The activation loop (A-loop) plays a key role in regulating the catalytic activity of protein kinases. Phosphorylation in this region enhances the phosphoryl transfer rate of the kinase domain and increases its affinity for ATP. Furthermore, the A-loop possesses autoinhibitory functions in some kinases, where it collapses onto the protein surface and blocks substrate binding when unphosphorylated. Due to its flexible nature, the A-loop is usually disordered and untraceable in kinase domain crystal structures. The resulting lack of structural information is regrettable as it impedes the design of drug A-loop contacts, which have proven favourable in multiple cases. Here, we characterize the binding with A-loop engagement between type 1.5 kinase inhibitor 'example 172' (EX172) and Mer tyrosine kinase (MerTK). With the help of crystal structures and binding kinetics, we portray how the recruitment of the A-loop elicits a two-step binding mechanism which results in a drug-target complex characterized by high affinity and long residence time. In addition, the type 1.5 compound possesses excellent kinome selectivity and a remarkable preference for the phosphorylated over the dephosphorylated form of MerTK. We discuss these unique characteristics in the context of known type 1 and type 2 inhibitors and highlight opportunities for future kinase inhibitor design.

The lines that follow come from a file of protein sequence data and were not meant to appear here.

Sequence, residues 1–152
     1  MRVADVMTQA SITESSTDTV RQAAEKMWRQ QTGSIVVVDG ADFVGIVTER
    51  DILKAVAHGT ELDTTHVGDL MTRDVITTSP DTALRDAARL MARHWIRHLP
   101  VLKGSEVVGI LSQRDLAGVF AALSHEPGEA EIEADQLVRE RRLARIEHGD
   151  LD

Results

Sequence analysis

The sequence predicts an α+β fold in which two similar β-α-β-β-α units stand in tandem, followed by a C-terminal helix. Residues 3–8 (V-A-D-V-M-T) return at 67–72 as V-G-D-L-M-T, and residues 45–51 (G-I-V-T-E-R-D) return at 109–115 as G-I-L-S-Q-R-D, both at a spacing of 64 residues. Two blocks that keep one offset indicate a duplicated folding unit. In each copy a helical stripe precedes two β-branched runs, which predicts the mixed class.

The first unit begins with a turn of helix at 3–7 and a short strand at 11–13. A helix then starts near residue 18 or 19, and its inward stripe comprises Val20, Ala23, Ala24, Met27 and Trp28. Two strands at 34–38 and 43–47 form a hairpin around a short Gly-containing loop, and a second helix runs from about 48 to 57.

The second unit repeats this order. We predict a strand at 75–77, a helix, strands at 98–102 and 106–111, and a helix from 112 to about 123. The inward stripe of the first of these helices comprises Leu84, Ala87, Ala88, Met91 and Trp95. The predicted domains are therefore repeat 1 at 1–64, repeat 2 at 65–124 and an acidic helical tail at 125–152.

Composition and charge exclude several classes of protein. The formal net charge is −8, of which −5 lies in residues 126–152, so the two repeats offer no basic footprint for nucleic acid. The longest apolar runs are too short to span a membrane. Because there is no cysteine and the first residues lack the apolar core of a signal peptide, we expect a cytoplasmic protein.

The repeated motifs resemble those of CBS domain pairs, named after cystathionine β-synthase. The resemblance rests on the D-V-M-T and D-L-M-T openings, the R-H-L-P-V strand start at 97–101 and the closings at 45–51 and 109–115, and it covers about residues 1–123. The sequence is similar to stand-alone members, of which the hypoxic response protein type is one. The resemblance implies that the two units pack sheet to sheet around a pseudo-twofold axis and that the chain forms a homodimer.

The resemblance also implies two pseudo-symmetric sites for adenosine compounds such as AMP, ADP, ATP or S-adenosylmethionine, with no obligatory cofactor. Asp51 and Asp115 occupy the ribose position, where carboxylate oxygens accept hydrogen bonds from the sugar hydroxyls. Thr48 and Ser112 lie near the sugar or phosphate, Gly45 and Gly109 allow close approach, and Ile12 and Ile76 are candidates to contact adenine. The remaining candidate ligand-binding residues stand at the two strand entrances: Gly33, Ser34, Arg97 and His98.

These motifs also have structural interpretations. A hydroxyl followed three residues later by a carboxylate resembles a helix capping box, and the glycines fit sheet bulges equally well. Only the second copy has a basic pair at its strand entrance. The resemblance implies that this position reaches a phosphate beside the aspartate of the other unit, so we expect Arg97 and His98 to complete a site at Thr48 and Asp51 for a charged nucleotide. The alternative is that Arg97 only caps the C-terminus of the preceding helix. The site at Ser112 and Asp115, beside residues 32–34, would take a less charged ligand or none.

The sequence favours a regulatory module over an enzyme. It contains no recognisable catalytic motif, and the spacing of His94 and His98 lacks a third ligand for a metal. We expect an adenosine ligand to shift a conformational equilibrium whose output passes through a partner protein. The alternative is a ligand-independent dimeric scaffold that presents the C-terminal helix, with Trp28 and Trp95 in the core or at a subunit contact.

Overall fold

Keywords: MerTK; TAM; activation loop; activation segment.
© 2020 The Author(s).